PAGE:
As defined by the Cleasby & Vigfusson Old Norse to English dictionary:
- m., better duft, [it properly means the powder of flowers or the like; so duft in Germ. means a sweet smell as from flowers; in old writers duft is rare, dust (q. v.) freq.; in mod. use dust is almost obsolete, and as these two words can hardly be distinguished in old MSS. (where ft and st look like one another), the transcribers have often substituted duft, where the old MS. has dust: again, dufta (a verb) is never used, but only dusta: duft is probably a foreign South-Teutonic word; the Swedish uses only the more homely sounding ånga, vide angi]:—powder; d. ok aska. Stj. 204, SkS. 211, Magn. 448: botan. pollen; dupt-beri, a, m. the stamen of a flower; dupt-knappr, m. the anther; dupt-þráðr, m. the filament, Hjalt.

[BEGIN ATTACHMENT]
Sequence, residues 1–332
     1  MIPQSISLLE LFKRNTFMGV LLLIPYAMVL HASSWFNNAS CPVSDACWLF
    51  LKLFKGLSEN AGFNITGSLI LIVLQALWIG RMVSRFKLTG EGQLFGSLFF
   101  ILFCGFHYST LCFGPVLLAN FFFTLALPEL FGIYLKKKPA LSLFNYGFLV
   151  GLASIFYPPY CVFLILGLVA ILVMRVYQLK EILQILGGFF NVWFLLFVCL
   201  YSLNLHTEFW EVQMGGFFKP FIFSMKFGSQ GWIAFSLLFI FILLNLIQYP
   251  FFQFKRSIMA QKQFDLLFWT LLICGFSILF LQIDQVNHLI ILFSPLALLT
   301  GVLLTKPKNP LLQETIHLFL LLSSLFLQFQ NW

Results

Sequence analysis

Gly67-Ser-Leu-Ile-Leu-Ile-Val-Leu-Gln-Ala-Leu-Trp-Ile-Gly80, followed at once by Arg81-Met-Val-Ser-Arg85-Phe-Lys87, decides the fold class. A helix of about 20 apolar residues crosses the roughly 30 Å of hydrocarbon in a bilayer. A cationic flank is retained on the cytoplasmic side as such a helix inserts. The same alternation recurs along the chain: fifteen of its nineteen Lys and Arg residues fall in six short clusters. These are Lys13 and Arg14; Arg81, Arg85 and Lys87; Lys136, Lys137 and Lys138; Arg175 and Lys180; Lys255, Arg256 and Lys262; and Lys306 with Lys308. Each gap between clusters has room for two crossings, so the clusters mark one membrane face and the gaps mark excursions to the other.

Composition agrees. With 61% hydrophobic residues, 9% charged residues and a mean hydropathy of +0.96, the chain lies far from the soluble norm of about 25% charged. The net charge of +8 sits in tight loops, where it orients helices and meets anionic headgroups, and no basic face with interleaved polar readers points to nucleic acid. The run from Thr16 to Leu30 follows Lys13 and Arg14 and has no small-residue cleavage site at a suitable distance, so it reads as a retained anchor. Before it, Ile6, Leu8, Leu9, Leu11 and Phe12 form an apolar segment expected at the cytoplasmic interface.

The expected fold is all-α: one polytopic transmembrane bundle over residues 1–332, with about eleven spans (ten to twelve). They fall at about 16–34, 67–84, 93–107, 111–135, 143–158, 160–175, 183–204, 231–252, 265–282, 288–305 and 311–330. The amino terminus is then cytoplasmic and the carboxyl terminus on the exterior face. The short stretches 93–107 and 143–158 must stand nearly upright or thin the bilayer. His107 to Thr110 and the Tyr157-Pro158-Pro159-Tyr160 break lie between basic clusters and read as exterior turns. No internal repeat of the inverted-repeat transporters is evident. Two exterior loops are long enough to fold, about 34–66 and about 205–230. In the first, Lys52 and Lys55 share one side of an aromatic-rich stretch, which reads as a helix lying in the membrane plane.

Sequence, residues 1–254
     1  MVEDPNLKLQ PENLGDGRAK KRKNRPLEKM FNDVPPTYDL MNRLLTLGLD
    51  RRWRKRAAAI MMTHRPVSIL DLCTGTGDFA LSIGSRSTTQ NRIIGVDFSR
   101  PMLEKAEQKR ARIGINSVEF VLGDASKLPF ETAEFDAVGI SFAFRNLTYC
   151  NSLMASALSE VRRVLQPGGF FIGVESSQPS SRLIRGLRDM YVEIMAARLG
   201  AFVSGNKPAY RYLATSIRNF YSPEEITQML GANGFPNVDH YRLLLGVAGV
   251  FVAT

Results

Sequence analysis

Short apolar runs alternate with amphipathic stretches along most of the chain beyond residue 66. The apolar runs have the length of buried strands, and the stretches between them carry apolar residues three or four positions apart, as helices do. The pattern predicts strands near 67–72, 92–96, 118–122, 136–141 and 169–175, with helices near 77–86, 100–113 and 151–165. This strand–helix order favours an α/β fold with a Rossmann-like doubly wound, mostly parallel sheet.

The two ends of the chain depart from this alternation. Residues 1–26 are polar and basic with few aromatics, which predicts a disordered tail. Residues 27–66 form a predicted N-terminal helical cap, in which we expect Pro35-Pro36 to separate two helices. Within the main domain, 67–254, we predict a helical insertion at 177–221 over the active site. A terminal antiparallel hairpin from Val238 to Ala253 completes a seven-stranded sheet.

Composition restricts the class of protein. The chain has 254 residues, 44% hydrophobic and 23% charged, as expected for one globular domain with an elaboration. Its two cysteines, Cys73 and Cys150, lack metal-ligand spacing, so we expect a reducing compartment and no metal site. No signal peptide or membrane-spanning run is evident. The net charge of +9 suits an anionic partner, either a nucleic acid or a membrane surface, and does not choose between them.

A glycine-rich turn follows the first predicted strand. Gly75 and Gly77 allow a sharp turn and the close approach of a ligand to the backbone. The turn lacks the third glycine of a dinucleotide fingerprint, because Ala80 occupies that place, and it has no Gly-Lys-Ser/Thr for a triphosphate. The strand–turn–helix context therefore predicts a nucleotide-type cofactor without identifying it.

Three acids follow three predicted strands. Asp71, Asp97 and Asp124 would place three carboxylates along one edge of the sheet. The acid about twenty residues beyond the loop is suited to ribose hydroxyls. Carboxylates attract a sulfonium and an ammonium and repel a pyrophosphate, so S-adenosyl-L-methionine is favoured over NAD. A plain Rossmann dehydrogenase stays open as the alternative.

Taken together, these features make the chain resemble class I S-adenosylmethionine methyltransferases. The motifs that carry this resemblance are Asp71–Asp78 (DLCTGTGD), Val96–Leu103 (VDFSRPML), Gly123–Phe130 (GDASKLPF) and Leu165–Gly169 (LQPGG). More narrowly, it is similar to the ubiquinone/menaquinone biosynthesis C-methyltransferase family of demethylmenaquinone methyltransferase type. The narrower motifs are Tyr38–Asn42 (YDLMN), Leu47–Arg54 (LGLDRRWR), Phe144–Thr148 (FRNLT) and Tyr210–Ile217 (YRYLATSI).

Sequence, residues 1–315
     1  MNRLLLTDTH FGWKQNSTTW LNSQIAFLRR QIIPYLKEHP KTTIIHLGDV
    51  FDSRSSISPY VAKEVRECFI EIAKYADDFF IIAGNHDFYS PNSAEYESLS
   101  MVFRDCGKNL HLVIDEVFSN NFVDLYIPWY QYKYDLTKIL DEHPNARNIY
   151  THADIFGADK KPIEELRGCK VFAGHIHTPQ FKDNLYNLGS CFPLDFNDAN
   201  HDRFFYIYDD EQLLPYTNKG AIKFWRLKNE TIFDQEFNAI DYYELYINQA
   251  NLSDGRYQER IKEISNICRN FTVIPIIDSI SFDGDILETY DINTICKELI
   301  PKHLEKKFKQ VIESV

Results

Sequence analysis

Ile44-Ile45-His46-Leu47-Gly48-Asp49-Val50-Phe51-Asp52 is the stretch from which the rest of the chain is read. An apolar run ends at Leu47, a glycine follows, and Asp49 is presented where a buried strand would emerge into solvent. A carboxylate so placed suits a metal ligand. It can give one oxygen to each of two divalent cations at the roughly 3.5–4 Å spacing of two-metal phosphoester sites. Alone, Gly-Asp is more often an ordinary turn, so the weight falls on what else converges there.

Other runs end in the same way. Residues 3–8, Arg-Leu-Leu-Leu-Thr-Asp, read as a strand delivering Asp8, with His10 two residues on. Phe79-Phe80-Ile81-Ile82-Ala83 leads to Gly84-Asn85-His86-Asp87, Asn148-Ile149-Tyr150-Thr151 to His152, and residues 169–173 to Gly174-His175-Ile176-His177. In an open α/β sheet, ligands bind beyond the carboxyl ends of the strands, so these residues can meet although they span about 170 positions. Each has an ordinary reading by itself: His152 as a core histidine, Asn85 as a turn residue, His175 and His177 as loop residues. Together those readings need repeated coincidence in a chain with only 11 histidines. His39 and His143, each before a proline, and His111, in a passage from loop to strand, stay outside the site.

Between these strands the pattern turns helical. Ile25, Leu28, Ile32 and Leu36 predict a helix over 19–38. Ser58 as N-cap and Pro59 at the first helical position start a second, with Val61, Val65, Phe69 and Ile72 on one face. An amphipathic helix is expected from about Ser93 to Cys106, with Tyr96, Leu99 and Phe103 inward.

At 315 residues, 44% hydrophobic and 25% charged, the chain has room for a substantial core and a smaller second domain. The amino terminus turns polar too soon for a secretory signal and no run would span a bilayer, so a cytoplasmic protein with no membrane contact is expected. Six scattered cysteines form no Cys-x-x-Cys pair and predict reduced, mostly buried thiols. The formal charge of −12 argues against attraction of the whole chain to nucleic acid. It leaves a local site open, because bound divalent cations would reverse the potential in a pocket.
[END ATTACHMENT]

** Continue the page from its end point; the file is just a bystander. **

Possible runic inscription in Younger Futhark:ᛏᚢᛒᛏ
Younger Futhark runes were used from 8th to 12th centuries in Scandinavia and their overseas settlements
- frequent, frequently.
- q. v.
- quod vide.
➞ See all works cited in the dictionary
Works & Authors cited:
- Hjaltalín, Icelandic Botany.
- Magnús Saga jarls. (E. II.)
- Konungs Skugg-sjá. (H. II.)
- Stjórn. (F. I.)